Author(s): Pickel B, Drew DP, Manczak T, Weitzel C, Simonsen HT,
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Abstract Thapsigargin is a major terpenoid constituent of Thapsia garganica root. Owing to its potent antagonistic effect on the sarcoplasmic/endoplasmic reticulum Ca2+-ATPase, thapsigargin has been widely used to study Ca2+ signalling and is also a potential drug for prostate cancer. Despite its importance, thapsigargin biosynthesis in T. garganica remains unknown. In order to decipher thapsigargin biosynthesis, deep transcript sequencing (454 and Illumina) of the T. garganica root was performed, and two terpene synthases (TgTPS1/2) were identified. Functional characterization of their encoded enzymes in a metabolically engineered yeast revealed that TgTPS1 synthesized δ-cadinene, whereas TgTPS2 produced ten distinct terpenoids. However, cultivation of the TgTPS2-expressing yeast in pH-maintained conditions (pH 6-7) yielded one major oxygenated sesquiterpenoid, suggesting that formation of multiple terpenoids was caused by acidity. The major terpene product from TgTPS2 was identified as 6β-hydroxygermacra-1(10),4-diene (kunzeaol) by mass-fragmentation pattern, retention index, the nature of its acid-induced degradation and NMR. Also, recombinant TgTPS2 efficiently catalysed the synthesis of kunzeaol in vitro from farnesyl diphosphate with a Km of 2.6 μM and a kcat of 0.03 s-1. The present paper is the first report of a kunzeaol synthase, and a mechanism for the transformation of kunzeaol into the thapsigargin backbone is proposed.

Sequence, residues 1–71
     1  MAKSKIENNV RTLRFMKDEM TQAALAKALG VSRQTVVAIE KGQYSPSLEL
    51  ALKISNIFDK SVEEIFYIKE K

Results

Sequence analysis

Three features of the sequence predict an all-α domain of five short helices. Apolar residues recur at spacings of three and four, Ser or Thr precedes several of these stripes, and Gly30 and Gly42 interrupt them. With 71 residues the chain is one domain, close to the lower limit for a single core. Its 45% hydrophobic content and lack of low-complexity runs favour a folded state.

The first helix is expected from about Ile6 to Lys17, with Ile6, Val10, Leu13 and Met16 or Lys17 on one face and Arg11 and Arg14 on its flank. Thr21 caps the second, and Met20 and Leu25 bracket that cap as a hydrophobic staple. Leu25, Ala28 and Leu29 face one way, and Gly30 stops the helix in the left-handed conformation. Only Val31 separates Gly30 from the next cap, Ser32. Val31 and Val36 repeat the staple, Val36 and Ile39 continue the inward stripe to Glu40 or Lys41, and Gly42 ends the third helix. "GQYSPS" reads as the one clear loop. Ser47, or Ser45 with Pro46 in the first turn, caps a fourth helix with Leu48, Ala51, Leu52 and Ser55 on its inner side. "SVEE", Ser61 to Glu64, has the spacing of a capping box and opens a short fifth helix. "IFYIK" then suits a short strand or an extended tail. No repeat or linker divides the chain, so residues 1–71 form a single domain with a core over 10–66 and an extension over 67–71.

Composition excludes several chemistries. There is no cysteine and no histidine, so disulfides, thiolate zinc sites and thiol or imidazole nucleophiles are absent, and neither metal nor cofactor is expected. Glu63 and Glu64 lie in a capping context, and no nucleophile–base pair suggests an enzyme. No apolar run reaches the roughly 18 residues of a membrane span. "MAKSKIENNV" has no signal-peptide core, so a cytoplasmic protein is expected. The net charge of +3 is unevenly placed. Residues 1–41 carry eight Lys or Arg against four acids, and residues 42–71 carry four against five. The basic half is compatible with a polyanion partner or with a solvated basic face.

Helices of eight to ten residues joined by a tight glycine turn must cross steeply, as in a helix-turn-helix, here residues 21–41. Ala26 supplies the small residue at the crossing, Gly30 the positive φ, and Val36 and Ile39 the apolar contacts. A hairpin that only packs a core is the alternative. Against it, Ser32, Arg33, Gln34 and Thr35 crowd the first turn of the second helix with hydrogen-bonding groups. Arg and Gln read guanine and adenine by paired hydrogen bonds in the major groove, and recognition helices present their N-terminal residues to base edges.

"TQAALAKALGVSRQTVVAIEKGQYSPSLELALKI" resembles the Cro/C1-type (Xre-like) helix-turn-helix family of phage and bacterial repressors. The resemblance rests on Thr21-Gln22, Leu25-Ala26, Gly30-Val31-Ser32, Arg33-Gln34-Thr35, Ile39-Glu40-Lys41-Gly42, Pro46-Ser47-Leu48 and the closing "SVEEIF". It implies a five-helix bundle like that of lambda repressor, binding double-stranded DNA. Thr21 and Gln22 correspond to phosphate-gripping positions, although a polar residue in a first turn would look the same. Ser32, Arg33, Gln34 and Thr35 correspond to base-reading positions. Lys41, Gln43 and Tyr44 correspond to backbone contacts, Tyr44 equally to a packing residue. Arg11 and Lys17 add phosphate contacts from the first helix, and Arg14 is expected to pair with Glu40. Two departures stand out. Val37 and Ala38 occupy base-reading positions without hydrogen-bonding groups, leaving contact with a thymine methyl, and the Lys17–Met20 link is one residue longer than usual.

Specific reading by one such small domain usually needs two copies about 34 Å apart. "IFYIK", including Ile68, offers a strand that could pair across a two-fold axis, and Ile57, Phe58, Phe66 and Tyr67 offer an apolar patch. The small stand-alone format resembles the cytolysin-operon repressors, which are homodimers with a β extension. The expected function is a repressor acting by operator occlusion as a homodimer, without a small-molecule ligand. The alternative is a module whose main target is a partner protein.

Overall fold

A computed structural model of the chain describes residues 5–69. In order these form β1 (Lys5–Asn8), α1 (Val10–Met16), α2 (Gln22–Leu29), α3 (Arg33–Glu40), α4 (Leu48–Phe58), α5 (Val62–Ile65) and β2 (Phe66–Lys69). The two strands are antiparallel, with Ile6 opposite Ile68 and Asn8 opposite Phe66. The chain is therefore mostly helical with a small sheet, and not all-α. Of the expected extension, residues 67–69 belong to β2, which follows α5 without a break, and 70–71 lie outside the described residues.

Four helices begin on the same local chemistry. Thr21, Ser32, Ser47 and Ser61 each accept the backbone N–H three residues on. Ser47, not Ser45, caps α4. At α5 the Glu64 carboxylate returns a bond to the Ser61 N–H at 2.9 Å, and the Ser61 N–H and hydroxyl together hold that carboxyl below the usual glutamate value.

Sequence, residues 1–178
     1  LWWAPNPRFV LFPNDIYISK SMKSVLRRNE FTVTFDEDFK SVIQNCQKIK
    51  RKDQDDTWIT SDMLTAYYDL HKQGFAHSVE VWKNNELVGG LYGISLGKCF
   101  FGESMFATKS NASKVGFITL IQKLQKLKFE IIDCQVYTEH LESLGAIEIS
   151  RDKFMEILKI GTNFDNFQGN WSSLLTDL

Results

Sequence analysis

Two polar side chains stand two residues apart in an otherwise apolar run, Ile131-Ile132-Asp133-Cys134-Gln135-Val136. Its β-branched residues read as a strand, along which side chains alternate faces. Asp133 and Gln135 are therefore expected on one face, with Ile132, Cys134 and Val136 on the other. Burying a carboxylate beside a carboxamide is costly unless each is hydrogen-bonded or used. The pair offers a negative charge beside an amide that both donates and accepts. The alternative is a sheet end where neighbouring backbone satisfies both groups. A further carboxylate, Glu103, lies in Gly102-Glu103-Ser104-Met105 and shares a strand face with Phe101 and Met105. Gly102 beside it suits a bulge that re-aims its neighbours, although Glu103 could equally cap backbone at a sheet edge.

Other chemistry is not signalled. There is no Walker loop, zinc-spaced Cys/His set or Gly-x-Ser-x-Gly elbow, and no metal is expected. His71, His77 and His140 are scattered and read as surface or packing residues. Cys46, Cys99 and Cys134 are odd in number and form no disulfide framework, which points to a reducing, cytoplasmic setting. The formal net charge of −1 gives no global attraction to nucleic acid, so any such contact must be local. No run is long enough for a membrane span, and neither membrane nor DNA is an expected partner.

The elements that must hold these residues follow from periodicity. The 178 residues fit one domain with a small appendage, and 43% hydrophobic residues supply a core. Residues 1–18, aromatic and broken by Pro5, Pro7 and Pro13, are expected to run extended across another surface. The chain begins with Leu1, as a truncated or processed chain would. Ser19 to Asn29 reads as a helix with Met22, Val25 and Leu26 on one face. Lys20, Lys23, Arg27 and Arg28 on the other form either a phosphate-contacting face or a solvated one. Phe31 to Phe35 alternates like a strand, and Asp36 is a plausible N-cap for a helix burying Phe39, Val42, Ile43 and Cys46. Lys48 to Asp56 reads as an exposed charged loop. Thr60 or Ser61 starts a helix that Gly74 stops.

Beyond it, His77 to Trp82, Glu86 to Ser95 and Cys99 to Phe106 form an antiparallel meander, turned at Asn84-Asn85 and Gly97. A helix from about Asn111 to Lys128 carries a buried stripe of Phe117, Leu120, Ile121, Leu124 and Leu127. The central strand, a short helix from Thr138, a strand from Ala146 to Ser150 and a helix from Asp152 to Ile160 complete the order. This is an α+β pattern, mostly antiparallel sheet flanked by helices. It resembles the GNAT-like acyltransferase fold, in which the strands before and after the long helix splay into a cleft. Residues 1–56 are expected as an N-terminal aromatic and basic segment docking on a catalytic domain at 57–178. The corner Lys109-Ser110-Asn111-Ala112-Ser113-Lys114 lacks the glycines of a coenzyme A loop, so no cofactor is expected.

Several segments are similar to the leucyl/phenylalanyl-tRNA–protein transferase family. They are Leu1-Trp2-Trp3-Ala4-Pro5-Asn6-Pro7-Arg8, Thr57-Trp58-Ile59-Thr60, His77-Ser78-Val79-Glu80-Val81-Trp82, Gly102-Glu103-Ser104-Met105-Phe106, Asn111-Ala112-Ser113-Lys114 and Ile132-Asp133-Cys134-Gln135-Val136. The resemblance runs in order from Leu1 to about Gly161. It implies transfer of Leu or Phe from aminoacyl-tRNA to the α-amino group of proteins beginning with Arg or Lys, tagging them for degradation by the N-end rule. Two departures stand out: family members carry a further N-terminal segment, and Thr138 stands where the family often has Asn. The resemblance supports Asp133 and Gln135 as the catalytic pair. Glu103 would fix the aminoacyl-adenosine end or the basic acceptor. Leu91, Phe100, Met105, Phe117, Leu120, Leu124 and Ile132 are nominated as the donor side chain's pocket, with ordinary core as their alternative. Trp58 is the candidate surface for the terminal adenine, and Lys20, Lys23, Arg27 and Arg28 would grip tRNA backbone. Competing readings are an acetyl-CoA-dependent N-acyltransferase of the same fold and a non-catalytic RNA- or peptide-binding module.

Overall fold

This article was published in Biochem J
and referenced in Journal of Next Generation Sequencing & Applications